Open Secrets by Alice Munro is the author’s short story in the eighth book of stories, and can be regarded as a re-visitation of the physical and mental landscapes that have become the most praised aspects of her work. Similar to her earlier books, Open Secrets is a literary work that brings much more to its readers than it initially promised: “the language is quite colloquial although it is written in a very high manner, the events are both dramatic and domestic at the same time, the story is based around small towns in Canada but has a cross-continental reach” (Clapp par. 2).
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The “fiction within fiction” storyline is used by the author to emphasize the importance of fiction itself, and it is this attitude, towards the importance of fiction and storytelling, that distinguishes Munro’s work from other authors. It also offers Munro the opportunity to study the notion of an ‘open secret’ itself. By exploring this concept, she is able to emphasize the importance of language, as well as the role it plays in society (Frangipane, 135).
Open Secret is a short story that tells the stories of people’s lives that, in turn, makeup stories themselves. Therefore, a full circle of storytelling is created: the author tells stories and stories are imposed upon the characters; and the characters tell stories with their imagination or their lies. For example, characters in Open Secrets are authors themselves, speculating about events that did not even occur, events that are opposite to what had occurred, or even events that the storyteller could not even remember exactly. This is the defining purpose of the book – exploring the idea that the act of storytelling is embedded within human nature, as well as how language is used to impose a characters’ identity.
Skin: Ineradicable Stain was a project launched in 2003, by Shelley Jackson, involving around three thousand volunteers. The project consisted of tattooing the text of Jackson’s story onto the bodies of volunteers, one word per person.
The only written form the book has been seen in is through these tattoos. The central idea of the project was to make the story more real, and more tangible than those stories printed and published on paper. For example, one of the volunteers that had tattooed a word from the story died as the project was still ongoing. As a result, the story cannot be assembled completely, making the project both physical and ephemeral at the same time.
It is also important to mention that the sequence in which the story should be read is only known to the project’s participants and the author. Furthermore, the participants were to explain why they took an interest in the project in order to be accepted (Flanagan and Booth 293). In such a case like this, a story was literally imposed upon a person who chose to participate in its telling. Contrary to imposing a particular story upon people, people can, themselves, create other stories from the same words and, therefore, create a cycle of creativity. The significance of the project relates to unifying a group of people through language, providing them with an opportunity to become a mortal work of art.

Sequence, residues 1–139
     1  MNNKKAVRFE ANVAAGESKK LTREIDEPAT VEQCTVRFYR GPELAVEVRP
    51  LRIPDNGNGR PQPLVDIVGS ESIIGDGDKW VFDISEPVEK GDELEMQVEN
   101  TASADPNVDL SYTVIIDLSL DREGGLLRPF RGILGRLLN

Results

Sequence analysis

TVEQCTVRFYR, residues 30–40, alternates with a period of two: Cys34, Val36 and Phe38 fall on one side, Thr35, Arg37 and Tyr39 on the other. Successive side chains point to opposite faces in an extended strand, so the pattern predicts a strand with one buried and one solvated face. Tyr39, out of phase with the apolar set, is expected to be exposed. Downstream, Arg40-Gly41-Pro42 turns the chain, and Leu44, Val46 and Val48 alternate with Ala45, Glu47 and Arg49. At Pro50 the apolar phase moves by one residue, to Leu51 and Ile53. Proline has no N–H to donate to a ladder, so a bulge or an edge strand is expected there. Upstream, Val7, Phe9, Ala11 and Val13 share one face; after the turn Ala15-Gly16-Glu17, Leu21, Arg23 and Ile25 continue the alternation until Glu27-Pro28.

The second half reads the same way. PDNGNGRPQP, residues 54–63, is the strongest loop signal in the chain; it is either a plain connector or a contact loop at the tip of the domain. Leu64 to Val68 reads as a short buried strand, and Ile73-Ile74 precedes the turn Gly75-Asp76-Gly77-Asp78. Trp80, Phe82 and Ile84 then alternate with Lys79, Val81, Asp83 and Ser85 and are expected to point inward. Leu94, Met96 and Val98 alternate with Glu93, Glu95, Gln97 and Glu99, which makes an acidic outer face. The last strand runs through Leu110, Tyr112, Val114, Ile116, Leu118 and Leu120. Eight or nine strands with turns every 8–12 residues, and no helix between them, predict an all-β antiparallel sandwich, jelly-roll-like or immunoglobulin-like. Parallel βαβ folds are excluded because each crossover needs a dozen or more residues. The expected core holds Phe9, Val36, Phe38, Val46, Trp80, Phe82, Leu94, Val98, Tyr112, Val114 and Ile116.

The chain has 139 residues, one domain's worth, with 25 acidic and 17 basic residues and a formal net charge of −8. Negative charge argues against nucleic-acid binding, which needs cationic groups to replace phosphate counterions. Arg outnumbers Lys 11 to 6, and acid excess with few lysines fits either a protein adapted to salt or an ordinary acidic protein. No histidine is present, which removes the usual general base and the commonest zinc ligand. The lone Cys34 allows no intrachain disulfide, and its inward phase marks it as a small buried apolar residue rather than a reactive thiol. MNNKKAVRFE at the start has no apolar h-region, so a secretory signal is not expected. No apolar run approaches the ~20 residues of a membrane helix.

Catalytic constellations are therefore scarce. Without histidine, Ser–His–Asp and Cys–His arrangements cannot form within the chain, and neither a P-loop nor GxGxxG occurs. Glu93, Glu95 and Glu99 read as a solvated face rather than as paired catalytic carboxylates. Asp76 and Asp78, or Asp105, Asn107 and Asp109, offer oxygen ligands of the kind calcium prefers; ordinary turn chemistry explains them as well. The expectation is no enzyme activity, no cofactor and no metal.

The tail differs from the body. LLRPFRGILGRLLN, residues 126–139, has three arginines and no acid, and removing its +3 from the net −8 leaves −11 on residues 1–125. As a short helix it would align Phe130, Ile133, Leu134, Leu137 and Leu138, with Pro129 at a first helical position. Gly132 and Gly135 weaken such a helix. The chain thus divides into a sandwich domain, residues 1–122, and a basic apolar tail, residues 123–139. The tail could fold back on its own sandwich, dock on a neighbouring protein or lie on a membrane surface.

Therefore, while the short story Open Secrets is a literary piece that includes the ‘fiction within fiction’ phenomenon, it can be said that Skin: Ineradicable Stain uses people to tell a story, therefore, imposes the story upon their lives.
Open Secrets short story analysis: The role of language in imposing a character’s identity
When analyzing the story from Munro’s Open Secrets, it has become evident that the concept of language is given much attention. In addition, there are many other kinds of non-verbal language that includes the movement of the body and facial expressions: “The man shook his head as if in discomfort or apology, indicating that he had no choice but to follow his wife” (Munro 203).
It is important to mention that Munro uses various types of language in her telling of the story of an unsolved disappearance of a teenage girl, Heather Bell. The author chooses not to solve the mystery herself. Rather, she imposes the role of detective upon her readers. Therefore, the language is used by Munro to impose the identity of characters, who become detectives. In the text, the author “takes us skillfully, with numerous shifty dodges, through the underbrush of the text” (Carrington 20). This “underbrush” is connected with various language types, such as colloquial, linking the reader and the character of Maureen, the main storyteller, by means of language.
Skin: Ineradicable Stain: The significance of the tattoos and their message
As discussed previously, language can be used to impose an identity upon an individual. Shelley Jackson took this idea literally and started the project of Ineradicable Stain, effectively giving the participants new identities and calling the tattooed project participants “words”. The significance of the volunteer’s tattooing words on their skin can be assessed in relation to the fact that the words cannot be removed easily. Rather, tattoos become ineradicable stains on their bodies that will accompany them through life. One could argue that a tattoo can be removed, and it rarely affects one’s identity. However, the participants of the project, by agreeing to volunteer as living works of art, also promised to keep the tattoos for the rest of their lives.
The actual material fact of the words being tattooed changes the way language is interpreted. A story told through words tattooed on bodies is significant for its tangibility, since human bodies are tangible and will not last forever. As, unfortunately, people will pass away, the story will continue to lose components. Therefore, it is not people who tell the story using language; rather, language uses people to tell a story and impose a new identity upon the person with the tattoo.